Mephits aren’t tough—half of them are CR 1/4, and the other half are CR 1/2. All of them have low Strength, all of them can fly, and all of them have darkvision (meaning they either live underground or are active primarily at night) and the Death Burst feature, which does something when they’re killed, although that something depends on the type of mephit. And they all have a simple melee attack, along with a breath weapon that has only a 1 in 6 chance to recharge, so in all likelihood, they’ll get to use it only once. Most (but not all) of them are proficient in Stealth, suggesting that they like to ambush their victims, and their low Strength suggests that they’ll usually be encountered in decent-size groups; a lone mephit wouldn’t dare pick a fight with more than a couple of enemies at once.
Beyond that, though, every type of mephit is a little bit different, and there’s nothing for it but to look at each type individually. Continue reading Mephit Tactics
Everyone who took sixth-grade social studies knows the story of the minotaur—literally, the Bull of King Minos, that inhabited the labyrinth into which the tyrant threw his prisoners. In the myth, the minotaur (there was only one) was the cursed offspring of a bull and Minos’s wife, Pasiphae (ew), and the labyrinth was built by Daidalos to contain it so that it didn’t rampage among the populace, devouring the king’s subjects. In Dungeons and Dragons, minotaurs (plural) are a humanoid species with bovine heads and hooves.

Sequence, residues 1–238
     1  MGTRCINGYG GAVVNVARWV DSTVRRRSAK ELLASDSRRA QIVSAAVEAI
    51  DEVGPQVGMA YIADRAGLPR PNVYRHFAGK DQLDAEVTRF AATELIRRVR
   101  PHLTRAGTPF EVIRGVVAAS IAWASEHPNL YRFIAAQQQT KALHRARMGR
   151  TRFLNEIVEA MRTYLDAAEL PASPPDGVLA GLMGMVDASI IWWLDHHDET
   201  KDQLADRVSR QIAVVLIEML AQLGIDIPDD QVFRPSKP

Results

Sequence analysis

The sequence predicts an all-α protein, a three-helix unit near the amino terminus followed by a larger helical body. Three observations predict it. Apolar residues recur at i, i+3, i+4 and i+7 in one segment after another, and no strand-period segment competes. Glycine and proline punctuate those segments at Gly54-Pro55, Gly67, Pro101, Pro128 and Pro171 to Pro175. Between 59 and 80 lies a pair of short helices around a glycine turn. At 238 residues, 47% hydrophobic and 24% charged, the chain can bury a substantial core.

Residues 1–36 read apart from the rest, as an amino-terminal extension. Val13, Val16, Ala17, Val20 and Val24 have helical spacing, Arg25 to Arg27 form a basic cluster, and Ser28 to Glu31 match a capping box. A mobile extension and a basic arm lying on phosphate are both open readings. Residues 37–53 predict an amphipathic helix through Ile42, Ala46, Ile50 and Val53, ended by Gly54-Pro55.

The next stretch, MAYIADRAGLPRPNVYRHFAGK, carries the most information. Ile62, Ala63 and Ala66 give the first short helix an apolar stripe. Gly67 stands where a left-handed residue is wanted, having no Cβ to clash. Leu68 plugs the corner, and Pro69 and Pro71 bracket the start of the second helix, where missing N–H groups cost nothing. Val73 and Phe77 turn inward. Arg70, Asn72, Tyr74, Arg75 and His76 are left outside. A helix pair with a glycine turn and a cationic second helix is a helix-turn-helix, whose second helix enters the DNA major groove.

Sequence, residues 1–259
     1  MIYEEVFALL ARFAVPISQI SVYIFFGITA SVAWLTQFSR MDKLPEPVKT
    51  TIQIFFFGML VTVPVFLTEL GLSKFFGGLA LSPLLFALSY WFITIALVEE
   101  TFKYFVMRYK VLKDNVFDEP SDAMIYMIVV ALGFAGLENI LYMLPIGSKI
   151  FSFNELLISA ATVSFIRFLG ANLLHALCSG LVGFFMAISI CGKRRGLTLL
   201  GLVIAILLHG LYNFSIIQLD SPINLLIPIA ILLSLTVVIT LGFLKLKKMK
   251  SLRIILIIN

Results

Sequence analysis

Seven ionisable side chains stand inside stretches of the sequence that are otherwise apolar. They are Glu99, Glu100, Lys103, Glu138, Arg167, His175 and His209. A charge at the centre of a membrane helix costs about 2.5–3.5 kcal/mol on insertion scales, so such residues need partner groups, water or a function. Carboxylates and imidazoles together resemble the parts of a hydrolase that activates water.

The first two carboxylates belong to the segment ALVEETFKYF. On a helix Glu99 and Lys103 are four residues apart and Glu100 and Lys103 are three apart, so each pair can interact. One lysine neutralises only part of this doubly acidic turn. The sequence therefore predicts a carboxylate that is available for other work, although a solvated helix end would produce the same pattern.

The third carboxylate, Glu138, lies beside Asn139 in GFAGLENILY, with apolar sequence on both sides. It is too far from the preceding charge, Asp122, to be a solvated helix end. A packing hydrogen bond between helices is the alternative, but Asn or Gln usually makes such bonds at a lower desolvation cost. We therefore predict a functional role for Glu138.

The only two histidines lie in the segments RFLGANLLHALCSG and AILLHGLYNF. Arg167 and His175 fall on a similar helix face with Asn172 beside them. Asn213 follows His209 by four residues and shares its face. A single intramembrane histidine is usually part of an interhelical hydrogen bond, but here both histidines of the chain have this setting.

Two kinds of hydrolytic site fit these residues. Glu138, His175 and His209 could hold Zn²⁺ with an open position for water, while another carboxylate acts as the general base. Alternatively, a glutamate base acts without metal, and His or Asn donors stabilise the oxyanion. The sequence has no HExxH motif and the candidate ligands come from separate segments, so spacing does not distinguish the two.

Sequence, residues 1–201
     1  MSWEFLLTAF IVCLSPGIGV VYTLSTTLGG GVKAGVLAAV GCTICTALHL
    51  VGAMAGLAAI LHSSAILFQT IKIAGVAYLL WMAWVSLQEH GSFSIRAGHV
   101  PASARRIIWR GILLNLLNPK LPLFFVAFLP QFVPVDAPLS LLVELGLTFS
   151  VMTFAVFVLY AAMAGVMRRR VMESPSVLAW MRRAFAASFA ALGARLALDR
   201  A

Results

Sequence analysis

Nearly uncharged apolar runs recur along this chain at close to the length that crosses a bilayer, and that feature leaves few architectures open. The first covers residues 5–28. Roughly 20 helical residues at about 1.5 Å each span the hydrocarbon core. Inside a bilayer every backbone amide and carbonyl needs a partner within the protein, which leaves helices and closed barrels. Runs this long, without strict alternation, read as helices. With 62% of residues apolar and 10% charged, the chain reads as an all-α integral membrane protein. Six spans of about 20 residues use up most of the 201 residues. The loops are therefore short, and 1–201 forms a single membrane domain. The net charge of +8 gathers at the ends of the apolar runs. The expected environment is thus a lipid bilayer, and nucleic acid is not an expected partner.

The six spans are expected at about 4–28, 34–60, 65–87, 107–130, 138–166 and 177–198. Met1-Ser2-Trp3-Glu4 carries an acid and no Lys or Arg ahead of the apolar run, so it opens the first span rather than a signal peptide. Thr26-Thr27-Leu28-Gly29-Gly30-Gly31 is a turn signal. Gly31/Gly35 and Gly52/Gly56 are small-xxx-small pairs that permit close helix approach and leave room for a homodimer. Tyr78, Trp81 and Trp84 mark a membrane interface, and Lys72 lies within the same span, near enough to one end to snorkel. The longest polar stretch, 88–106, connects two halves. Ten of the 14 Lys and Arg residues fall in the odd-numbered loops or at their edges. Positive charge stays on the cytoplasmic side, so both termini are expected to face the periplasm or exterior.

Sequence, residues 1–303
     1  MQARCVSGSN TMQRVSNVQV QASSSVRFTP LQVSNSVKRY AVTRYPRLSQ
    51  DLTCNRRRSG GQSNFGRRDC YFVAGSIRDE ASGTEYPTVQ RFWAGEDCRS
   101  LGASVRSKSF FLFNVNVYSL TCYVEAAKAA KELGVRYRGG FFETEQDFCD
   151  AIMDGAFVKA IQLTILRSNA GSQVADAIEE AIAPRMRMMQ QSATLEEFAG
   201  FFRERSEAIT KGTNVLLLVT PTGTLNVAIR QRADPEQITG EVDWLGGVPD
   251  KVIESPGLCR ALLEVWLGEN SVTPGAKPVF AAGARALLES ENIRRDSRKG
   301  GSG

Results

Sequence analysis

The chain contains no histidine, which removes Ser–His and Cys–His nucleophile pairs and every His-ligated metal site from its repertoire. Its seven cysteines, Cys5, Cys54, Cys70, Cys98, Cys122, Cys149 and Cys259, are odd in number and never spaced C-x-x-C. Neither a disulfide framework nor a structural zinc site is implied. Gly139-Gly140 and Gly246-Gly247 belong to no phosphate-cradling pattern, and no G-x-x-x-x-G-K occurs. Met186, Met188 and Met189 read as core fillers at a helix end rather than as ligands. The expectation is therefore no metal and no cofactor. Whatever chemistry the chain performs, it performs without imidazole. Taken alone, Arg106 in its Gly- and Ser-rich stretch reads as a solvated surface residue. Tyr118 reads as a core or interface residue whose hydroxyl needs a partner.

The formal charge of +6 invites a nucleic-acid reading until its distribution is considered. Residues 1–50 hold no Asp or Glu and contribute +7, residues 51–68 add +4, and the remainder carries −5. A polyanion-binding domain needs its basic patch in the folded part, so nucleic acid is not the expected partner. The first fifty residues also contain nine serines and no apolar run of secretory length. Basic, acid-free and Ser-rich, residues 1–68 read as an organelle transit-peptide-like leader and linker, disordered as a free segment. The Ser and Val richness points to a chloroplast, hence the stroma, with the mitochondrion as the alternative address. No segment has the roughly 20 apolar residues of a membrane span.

So . . . evolved creature or not? The Monster Manual flavor text seems to want to have it both ways:
Minotaurs are the dark descendants of humanoids transformed by the rituals of cults . . . [who] come to the cult seeking a life free from authority’s chains—and are liberated of their humanity instead as [the demon lord] Baphomet transforms them into the minotaurs that echo his own savage form. Although they begin as creations of the Horned King, minotaurs can breed true with one another, giving rise to an independent race of Baphomet’s savage children in the world.
If the MM can’t commit to one explanation or the other, maybe we can’t, either. Maybe we have to accept that some minotaurs are evolved beings, and some aren’t. Maybe the logical extension of this premise is that some minotaurs behave as an evolved creature would, while others don’t, depending on whether they’re born as minotaurs or transformed by a curse. In other words, if your adventure includes a minotaur, in order to know how it will behave, you need to give it a backstory. Continue reading Minotaur Tactics
Sphinxes are bosses. Probably somewhat underutilized bosses, since you can only employ the solve-the-riddle, access-the-vault trope so many times before it gets tiresome (and that number of times is generally one, if not zero), so the first challenge you have to overcome as a dungeon master, before dealing with its tactics, is figuring out a way to make a sphinx encounter feel fresh. I’ll be honest: I have no useful advice on this. If you have any, share it in the comments below.
Advanced Dungeons and Dragons had four varieties of sphinx; the number peaked in version 3.5 (the “More is always better” edition) at nine. But the fifth-edition Monster Manual includes only two: the androsphinx and the gynosphinx. The androsphinx remains the more powerful of the two, because patriarchy. (The gynosphinx, strangely, seems to have a mane, although on closer inspection, it may just be a wig.)